Thanks to the reality check of $4-per-gallon gasoline prices during summer 2008, many consumers have realized that perhaps they don't need a 12-mpg Chevy Suburban or Ford Expedition to take the little ones to school and sports practice. Minivans have long been the best choice for practical moms and dads, as their boxy shape is highly efficient for transporting people and cargo. But many parents are still put off by the minivan's dowdy image. These folks want SUV style with minivan practicality, and that's exactly what they'll get in the 2009 Chevrolet Traverse crossover SUV.
The last few years have seen the crossover segment expand faster than dance-based reality shows, and understandably so. These vehicles feature carlike unibody construction, which provides greater space and fuel-efficiency as well as superior handling compared to the truck-style body-on-frame design of traditional SUVs. Crossovers also have a lower step-in height, making it easier for everyone to climb aboard.
The Chevy Traverse is the latest of GM's "Lambda platform" quadruplets to debut, joining the Buick Enclave, GMC Acadia and Saturn Outlook. In its base trim, the Traverse is the entry-level fixture of the four, priced about $2 grand less than the cheapest GMC and Saturn entries. We tested a higher-line Traverse LT2 AWD, which comes in at $36,455. Short of leather seating, a navigation system and a moonroof, the LT2 comes loaded, including standard luxury features like a back-up camera, triple-zone climate control, Bluetooth connectivity, a Bose audio system and a power liftgate.
With its roomy cabin (which includes a spacious, adult-size third-row seat), excellent crash test scores, plentiful features list, solid performance and respectable EPA fuel-economy numbers, the Traverse LT2 doesn't give much away to a minivan. The few downsides to this Chevy include spotty fit and finish and the fuel-economy-minded transmission's reluctance to downshift.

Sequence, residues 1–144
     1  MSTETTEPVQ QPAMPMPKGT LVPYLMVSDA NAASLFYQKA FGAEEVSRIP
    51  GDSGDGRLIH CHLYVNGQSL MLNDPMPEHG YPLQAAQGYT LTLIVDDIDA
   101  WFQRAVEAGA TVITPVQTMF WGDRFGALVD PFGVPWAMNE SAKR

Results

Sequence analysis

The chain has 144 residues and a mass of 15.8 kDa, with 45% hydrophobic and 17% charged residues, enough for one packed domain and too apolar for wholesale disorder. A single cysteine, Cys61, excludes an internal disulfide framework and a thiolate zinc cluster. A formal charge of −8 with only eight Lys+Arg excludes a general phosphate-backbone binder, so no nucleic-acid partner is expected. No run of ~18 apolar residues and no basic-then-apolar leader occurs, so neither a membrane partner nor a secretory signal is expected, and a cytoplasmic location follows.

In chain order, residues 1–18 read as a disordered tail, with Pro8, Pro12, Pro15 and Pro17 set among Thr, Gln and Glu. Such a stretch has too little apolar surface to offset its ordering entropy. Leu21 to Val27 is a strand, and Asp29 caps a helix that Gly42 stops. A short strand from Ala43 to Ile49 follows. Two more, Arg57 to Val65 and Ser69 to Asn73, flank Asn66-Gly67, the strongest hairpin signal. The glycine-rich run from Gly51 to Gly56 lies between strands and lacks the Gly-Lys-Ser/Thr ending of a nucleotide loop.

Considering its well-rounded personality and high level of practicality, we have no problem recommending the 2009 Chevy Traverse. However, if you're looking at the upper trim levels, we'd also suggest the Chevy's upscale Enclave and Acadia siblings as well as the more finely furnished Ford Flex and sportier-driving Mazda CX-9.
Our 2009 Chevrolet Traverse LT2 was powered by the stout, direct-injected 3.6-liter V6 that's standard across the Traverse lineup. Matched to a six-speed automatic transmission, this V6 pumps out 281 horsepower and 266 pound-feet of torque. Our Traverse recorded a 0-60 time of 8.6 seconds and a quarter-mile sprint of 16.4 seconds, more than adequate for a 5,000-pound, full-size crossover.
In real-world driving, the 3.6 moves the Traverse around with reasonable gusto, but doing so requires a heavy foot. Calibrated for maximum fuel-efficiency, the smooth-shifting tranny is quick to upshift and slow to downshift. As such, the Traverse can feel a bit sluggish unless you either shift it manually (by thumbing the button on the shifter's side) or are aggressive with the gas. We don't recommend being as aggressive as we were — against EPA fuel-economy estimates of 16 mpg city/23 mpg highway and 19 mpg combined, we averaged 16 mpg in mostly urban driving.
With a stopping distance of 135 feet from 60 mph, the Traverse is about 10 feet worse than the class standouts in this area, the Flex and CX-9, but nearly 15 feet better than the class dunce, the Honda Pilot. We noted that pulsation from the ABS system kicks in rather soon during panic stops.